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Students present Bicentennial project to SARA

Effort work of four student team from HHS

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A historical overview and oral history project about the development of public education in Hempstead County completed by four Hope High School students became part of the archive collection of the Southwest Arkansas Regional Archives with its presentation to SARA officials Nov. 9.
The project is the work of a team of four Hope High School students in the Environmental and Spatial Technology (EAST) program, and will also become part of the official contents of the Hempstead County Bicentennial Time Capsule to be sealed in December.
HHS senior Drake Mason presented copies of the historical overview and oral history CD to SARA Archival Manager Melissa Nesbitt and SARA Foundation board member Richard Read in a brief ceremony at HHS. Mason, senior Jacqueline Culley, and HHS 2018 alumni Jackson Bowlin and Elizabeth Bamber researched and produced the project.
“Two Hundred Years of Education in Hempstead County” spans the range of public education in Hempstead County from its earliest days in local Roman Catholic Church parish schools to today through a series of oral history interviews and accompanying research.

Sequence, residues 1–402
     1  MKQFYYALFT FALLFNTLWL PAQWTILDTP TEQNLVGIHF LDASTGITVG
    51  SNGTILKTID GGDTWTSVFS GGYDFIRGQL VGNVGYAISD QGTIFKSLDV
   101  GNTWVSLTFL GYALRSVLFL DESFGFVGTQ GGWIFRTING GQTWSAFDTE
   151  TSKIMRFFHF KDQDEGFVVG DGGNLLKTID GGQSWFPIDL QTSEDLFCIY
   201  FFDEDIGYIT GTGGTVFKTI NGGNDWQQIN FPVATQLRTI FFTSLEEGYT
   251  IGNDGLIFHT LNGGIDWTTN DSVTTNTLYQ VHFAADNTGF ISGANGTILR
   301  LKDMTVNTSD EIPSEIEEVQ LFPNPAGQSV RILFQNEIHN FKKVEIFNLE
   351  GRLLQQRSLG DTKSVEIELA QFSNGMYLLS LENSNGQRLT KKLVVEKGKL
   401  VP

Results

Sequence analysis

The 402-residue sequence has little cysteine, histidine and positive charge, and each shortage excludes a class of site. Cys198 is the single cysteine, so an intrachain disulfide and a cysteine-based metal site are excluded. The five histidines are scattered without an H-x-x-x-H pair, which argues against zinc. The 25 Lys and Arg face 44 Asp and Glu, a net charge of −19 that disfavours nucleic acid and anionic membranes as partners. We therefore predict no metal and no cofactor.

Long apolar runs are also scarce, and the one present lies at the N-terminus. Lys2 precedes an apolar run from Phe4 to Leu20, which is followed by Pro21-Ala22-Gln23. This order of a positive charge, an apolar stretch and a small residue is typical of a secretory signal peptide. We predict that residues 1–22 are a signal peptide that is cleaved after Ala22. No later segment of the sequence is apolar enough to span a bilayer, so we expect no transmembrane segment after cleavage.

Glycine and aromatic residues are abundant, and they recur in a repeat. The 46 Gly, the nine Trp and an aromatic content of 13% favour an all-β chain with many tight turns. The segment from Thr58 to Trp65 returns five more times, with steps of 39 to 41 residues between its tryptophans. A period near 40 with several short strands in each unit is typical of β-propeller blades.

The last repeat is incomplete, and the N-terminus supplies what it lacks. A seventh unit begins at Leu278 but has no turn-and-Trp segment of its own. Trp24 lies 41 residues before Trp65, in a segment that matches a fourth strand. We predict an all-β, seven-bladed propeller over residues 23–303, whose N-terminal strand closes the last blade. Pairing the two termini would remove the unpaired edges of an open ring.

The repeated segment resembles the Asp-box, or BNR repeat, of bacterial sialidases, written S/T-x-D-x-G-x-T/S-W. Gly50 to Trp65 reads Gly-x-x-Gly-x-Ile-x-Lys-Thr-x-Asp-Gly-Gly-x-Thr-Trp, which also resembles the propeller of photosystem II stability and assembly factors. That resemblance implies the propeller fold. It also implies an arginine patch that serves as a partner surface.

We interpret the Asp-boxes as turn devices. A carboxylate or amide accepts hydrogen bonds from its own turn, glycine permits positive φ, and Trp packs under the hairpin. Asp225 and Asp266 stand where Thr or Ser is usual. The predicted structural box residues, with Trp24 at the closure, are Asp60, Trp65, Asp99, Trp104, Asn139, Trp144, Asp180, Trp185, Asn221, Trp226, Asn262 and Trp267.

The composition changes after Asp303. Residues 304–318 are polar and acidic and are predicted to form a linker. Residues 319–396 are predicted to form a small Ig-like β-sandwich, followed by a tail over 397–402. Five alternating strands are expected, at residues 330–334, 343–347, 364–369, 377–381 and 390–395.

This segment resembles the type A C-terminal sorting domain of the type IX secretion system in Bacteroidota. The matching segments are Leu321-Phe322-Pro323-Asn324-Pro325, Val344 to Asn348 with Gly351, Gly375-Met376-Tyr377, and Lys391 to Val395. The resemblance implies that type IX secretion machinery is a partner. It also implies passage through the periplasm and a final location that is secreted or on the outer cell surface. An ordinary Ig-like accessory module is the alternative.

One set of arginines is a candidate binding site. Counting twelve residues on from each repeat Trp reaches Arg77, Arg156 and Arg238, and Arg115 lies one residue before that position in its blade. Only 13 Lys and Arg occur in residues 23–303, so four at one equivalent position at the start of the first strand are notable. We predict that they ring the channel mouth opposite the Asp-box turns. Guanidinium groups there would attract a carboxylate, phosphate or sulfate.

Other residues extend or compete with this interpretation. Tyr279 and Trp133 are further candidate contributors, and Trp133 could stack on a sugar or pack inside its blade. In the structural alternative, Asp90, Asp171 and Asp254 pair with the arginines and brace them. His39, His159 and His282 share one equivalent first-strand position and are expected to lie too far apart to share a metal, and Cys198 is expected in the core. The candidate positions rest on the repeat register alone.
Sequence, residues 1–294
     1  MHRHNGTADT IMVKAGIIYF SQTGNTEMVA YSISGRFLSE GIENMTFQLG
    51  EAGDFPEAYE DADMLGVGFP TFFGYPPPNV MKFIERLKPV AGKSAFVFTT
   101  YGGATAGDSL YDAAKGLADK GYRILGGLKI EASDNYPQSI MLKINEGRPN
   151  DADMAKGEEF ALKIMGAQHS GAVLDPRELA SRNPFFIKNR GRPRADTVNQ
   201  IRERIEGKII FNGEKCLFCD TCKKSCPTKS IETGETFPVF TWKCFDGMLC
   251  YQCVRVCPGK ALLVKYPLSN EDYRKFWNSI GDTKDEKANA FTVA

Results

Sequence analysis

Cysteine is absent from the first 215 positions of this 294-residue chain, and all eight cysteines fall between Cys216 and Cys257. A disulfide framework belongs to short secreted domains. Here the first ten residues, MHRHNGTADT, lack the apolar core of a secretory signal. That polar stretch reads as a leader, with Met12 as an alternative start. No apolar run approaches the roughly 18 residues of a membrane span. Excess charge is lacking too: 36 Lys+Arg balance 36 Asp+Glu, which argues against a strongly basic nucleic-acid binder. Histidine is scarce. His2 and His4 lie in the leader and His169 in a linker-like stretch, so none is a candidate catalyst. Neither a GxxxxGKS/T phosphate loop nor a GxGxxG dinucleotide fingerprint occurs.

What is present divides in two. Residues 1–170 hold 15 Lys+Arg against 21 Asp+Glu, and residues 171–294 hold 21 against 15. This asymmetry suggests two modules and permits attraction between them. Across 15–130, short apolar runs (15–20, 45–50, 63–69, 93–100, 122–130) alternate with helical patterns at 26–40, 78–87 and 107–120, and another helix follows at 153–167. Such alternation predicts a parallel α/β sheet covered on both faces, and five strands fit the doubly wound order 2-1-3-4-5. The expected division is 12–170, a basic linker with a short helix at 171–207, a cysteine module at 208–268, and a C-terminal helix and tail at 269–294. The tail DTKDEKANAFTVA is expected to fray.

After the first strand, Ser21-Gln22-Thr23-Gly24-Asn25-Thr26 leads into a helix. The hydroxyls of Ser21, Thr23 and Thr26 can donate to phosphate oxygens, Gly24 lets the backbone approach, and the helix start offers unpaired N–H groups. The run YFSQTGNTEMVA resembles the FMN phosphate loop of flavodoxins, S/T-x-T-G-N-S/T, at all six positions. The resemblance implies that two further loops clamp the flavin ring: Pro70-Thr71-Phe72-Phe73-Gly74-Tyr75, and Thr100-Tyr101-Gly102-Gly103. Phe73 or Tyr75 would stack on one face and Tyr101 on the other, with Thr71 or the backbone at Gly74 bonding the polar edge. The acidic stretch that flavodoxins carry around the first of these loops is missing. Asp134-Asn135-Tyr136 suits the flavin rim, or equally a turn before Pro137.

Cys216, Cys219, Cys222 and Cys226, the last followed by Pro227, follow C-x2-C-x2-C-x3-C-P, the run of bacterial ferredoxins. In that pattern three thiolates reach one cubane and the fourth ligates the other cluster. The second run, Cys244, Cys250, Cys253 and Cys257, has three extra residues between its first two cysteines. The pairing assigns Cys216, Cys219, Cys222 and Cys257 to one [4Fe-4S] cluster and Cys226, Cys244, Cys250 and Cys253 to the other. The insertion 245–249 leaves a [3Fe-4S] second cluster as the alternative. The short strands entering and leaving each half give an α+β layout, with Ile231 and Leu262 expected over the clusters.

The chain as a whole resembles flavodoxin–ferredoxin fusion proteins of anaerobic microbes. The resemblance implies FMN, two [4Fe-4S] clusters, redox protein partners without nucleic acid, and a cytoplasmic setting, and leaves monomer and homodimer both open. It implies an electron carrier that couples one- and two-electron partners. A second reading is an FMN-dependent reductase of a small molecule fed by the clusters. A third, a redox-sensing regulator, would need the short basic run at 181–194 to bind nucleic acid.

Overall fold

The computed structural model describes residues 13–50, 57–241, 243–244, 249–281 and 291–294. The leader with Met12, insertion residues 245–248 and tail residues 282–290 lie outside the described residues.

Mason and Culley presented copies of the project to the Hempstead County Bicentennial Committee during the summer and to the Hope Public Schools Board in October.
“We’re very excited at the Southwest Arkansas Regional Archives to work with the EAST Lab students on their Hempstead County Bicentennial projects,” Nesbitt said at the launch of the project last November.
She said that the project represents the sort of collaboration for which SARA is suited.
“Promoting education as well as inviting collaboration and teamwork are part of the core values of the Department of Arkansas heritage, of which the State Archives/SARA is a division, and projects like these help further that mission in serving all Arkansans,” Nesbitt said.
The project overview provides general reference material in the timeline of the development of public education in Hempstead County as noted in the approximately 40-minute CD-based oral history video of 10 interviews conducted by the team.

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